Attempts to strengthen UK patent laws and give courts the power to award higher damages for infringements suffered a blow last week because of a parliamentary technicality.
A Private Members Bill sponsored by Conservative MP Ian Liddell-Grainger set out to deter patent misuse and safeguard software development operations by allowing inventors and entrepreneurs to receive potential damages of as much as three times the cost of any infringement.
The Bill, which Liddell-Grainger claimed would potentially save billions for British industry, is designed to bring the UK more in line with US laws. At present, potential damages for claimants in patent infringement cases are limited to actual costs.
But the Patents Act Amendment Bill was withdrawn just hours before it was due to be debated after lawyers identified a problem with its terminology. The Bill would have given courts the power to award "exemplary" damages, but was withdrawn following concerns that the phrase had a precise legal meaning different to the one intended.
Software inventor and entrepreneur Peter Malcolm, who has about 100 software patents to his name, said existing UK patent laws needed to be beefed up to create a level playing field for software developers.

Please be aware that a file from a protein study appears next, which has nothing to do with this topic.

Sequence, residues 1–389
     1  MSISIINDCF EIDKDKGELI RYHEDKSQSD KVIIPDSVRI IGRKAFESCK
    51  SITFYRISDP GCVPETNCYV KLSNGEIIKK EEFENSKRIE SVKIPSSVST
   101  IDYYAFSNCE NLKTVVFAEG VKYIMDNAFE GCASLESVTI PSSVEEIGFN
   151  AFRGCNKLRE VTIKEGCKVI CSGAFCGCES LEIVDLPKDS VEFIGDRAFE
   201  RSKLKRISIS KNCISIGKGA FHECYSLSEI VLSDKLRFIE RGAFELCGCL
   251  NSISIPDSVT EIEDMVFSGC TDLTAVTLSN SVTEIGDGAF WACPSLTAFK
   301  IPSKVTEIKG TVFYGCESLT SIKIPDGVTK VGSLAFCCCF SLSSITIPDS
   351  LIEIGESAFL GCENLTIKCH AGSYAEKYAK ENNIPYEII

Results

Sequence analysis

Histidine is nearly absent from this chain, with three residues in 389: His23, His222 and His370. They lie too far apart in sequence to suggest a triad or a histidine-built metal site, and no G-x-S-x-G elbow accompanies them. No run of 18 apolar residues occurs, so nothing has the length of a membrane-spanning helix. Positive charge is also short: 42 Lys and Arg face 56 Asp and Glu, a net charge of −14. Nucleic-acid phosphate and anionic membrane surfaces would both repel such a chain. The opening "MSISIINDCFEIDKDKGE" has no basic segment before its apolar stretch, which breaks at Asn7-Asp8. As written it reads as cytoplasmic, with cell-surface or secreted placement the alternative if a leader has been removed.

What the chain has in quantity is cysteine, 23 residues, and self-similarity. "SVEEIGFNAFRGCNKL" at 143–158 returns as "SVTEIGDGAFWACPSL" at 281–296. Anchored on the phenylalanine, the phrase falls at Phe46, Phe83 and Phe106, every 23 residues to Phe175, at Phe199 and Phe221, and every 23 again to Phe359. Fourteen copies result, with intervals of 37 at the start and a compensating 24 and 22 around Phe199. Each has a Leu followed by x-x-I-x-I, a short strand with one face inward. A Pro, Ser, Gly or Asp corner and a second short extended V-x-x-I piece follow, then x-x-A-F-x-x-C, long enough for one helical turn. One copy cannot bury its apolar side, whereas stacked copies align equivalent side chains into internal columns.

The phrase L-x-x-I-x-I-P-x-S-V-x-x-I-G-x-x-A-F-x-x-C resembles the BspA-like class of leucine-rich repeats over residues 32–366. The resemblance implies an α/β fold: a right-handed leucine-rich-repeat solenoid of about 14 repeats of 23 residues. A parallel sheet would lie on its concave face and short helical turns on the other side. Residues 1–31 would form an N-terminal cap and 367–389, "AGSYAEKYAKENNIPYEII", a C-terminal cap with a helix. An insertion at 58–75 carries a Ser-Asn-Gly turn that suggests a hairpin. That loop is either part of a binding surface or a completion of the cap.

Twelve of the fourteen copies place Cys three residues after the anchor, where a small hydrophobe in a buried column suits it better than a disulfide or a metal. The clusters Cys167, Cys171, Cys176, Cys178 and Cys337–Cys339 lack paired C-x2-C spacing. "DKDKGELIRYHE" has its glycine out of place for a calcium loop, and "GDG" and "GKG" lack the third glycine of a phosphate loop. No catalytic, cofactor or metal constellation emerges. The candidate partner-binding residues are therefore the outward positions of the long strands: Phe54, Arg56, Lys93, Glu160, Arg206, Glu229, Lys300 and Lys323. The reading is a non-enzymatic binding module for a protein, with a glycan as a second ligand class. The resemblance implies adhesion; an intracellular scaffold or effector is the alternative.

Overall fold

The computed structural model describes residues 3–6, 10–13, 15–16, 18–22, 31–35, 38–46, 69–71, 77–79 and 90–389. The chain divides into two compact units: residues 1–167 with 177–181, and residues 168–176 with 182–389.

"Because of the differences to the law, big companies, particularly in the US, are not frightened of infringing patents. That puts UK business at a distinct disadvantage," he said.
Malcolm, a former vice president at Computer Associates responsible for the company's patent portfolio, warned that software patent protection was vital. "Once software is released onto the market it's relatively easy to replicate. A lot of the value of a company is in the patents it owns," he explained.
Although legal experts admit that software patent infringement is likely to become much more of an issue, Tom Broadhurst, a solicitor specialising in intellectual property law at law firm Morrison Foerster, said that imposing larger fines for patent abusers would only have a limited effect in addressing the problem.
"The devil's in the detail. Unlike in the UK, in the US, if you commit a tort such as patent infringement or medical negligence there's a possibility of punitive damages," he said.
"To adopt the US rule for one tort in isolation would seem very strange to me. The real crunch for patent infringers is the use of injunctions to stop companies using the technology," he added.
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